It starts out quite good. I was unsure where the story was going – but I was certain that wherever it was going, it was gonna be a creepy, suspenseful trip.  The buildup and background for the story was unique and interesting and really creative. The characters, particularly Cora and Rick, were really one-dimensional. Dialogue for these characters was not done well. They spoke just to move the plot along, not because they were dynamic, full characters.

I was actually really interested in the storyline – starting at the hotel in the beginning and moving into the tunnel-drains.  Finally, as the characters moved into the Paragon Hotel, I was thinking that this book was going to be really good.

But the book went somewhat downhill with the introduction of three young, goofy criminals. I was annoyed that the creepyness was ruined by these goons. I was on the edge of my seat until the kids with the surplus night-vision goggles entered the story. Think about it:  an eccentric builds a huge, pyramid-shaped hotel around 1900. The hotel has hidden passageways, a secretive penthouse, and creepy old furnishings. This is good stuff for a nighttime “urban explorer” theme.

After we meet and deal with the three dummies, we are then introduced rather violently to someone else who is in this old hotel that is about to be demolished:  the true menace!  And, at this point, I gave up all hope of the great and scary suspense novel.  I settled in for an action read. I was pretty annoyed when it turned out that the menace of the book has a sordid past based on sexual abuse as a child and he has taken his mental issues out on random girls he brought to the hotel. (He didn’t molest them, just killed ’em.) Anyway, blah blah. Its always back to sex as motive/motivation for modern authors.  I would rather have read the surreal creepy novel that I started with than the shootout with the crazy dude. This isn’t a bad novel, there’s not much in it that is R-rated. Its pretty much pg-13 for a novel. But I wanted to read the scary novel instead.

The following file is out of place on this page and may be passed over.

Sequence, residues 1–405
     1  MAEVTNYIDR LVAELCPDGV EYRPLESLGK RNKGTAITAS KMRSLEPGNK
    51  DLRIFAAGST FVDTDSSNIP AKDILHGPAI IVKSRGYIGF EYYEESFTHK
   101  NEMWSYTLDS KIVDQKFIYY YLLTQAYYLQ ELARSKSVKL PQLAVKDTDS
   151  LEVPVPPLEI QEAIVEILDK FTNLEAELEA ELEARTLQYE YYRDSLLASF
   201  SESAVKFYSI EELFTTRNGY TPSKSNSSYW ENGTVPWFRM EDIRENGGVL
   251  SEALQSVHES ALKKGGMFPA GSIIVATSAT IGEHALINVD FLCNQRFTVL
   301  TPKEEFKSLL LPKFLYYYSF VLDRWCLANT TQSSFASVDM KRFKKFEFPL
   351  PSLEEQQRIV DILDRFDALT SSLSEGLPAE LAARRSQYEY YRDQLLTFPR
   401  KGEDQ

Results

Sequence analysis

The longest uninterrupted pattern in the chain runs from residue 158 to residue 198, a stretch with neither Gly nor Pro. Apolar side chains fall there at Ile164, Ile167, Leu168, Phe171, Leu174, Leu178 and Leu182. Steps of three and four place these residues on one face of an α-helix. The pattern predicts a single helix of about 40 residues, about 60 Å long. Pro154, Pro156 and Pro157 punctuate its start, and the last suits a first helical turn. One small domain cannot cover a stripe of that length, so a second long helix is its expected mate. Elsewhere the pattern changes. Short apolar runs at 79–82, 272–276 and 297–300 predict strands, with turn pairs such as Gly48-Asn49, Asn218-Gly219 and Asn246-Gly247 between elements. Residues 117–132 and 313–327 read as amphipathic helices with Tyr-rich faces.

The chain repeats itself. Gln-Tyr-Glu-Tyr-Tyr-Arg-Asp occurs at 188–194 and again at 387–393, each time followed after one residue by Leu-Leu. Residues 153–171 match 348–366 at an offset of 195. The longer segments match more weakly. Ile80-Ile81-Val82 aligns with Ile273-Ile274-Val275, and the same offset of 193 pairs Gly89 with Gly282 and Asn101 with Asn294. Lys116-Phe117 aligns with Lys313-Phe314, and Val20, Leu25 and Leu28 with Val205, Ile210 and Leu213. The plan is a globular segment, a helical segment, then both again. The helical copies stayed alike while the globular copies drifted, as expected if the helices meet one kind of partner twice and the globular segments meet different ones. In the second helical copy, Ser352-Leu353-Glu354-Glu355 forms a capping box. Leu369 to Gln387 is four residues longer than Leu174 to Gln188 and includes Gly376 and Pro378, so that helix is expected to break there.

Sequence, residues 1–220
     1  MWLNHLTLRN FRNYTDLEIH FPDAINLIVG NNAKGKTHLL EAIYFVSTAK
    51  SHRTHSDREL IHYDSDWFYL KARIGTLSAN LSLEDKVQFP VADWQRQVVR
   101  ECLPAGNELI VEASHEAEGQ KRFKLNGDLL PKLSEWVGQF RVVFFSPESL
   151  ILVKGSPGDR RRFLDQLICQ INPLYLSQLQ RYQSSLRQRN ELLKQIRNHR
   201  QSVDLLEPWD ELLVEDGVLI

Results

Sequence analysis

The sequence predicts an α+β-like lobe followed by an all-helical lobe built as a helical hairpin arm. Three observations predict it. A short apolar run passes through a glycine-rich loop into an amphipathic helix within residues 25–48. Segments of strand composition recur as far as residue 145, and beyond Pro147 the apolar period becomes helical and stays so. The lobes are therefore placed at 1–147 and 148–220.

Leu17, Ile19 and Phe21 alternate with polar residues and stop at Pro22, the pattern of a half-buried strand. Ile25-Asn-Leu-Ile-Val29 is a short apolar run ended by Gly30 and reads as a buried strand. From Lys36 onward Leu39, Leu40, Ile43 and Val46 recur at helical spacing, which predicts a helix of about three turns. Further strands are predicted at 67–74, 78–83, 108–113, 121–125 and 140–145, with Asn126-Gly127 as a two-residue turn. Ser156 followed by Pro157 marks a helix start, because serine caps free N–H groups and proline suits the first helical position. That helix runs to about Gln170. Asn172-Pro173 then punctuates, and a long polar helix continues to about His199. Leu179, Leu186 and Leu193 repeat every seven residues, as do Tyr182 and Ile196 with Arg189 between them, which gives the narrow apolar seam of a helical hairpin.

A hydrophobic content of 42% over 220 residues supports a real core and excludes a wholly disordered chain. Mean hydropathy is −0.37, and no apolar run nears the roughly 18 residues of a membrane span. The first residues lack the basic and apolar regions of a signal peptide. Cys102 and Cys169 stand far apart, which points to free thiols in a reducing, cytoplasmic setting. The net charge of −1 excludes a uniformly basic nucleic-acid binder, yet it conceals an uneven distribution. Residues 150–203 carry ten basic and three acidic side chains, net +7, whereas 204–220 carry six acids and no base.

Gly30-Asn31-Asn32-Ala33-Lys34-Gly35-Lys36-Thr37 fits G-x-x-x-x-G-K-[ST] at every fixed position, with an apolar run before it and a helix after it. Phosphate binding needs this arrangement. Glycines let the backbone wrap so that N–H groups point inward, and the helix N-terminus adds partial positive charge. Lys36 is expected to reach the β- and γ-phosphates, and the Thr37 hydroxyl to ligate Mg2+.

I think I rated this one a bit lower because it wasn’t what I, personally, felt like reading. I could probably give it 3 stars on a different day.

2 stars

Deadly Decisions

Deadly Decisions

Deadly Decisions cover

Deadly Decisions is the third book in the Temperance Brennan novel series by Kathy Reichs.  I have read both the first and second novels, and now today, completed the third.

I started this book sometime in August 2010. I finished it on January 25, 2011.  This does not mean that it was a 2,000 page tome.  I have the ability to read a number of books at the same time. Its like watching TV shows, most people do not watch an entire series of one show and then begin the next. Easily, they watch their favorite shows and manage to keep track of all the storylines and characters.  Nevertheless, I admit that I was not actively reading this book during all these months. I started it, made good progress (perhaps as far as page 120), and then just failed to pick it back up again. I got too absorbed in any number of things.  Last night, I was all set to start yet another novel and I admonished myself:  finish up the old ones first!!  So I did.

From the back of the book:  A North Carolina teenager disappears from her home, and parts of her skeleton are found hundreds of miles away. The shocking deaths propel forensic anthropologist Tempe Brennan from north to south, and deep into a shattering investigation inside the bizarre culture of outlaw motorcycle gangs — where one misstep could bring disaster for herself or someone she loves.

Of the three books by Kathy Reichs that I have read, this was my least favorite.  I think the topic of biker gangs and motorcycles and such just really holds no interest for me.  And, if the book had been really gripping, it would never have taken six months to read the whole thing.  Still, I am not saying that this is a bad book.  I am used to Reichs’ writing style, I like the majority of the recurring characters in her books, and I like the tone and setting of the books.  I understand both the Montreal and Dixie aspects of the stories, and its fun to read about stories that take place in areas that I am familiar with.

In chapter five, we are introduced to a new ongoing plotline involving Andrew Ryan (Brennan’s partner in the previous novels). I, frankly, do not like Ryan whatsoever, so I just did not give a rip about this storyline. By the end of this book, I was disappointed in how this plotline is working out.

I am quite fond of Brennan’s cat, Birdie. I also am starting to become amused by the interactions between Brennan and Claudel.  I feel these interactions could really develop and be quite good in future novels.  Claudel is an intriguing character.  Once again, the story included some of Brennan’s family, Kit and Harry.  This was okay, but Kit is nineteen years old and as a major figure in this novel I was annoyed by him. I am not thrilled with the antics of teenagers.

Overall, I have to give this book 2 stars. It really is on the cusp of 3 stars, but it did take me 6 months to read it.  I will be continuing on in the series.

2 stars

Death du Jour

Death du Jour

Death du Jour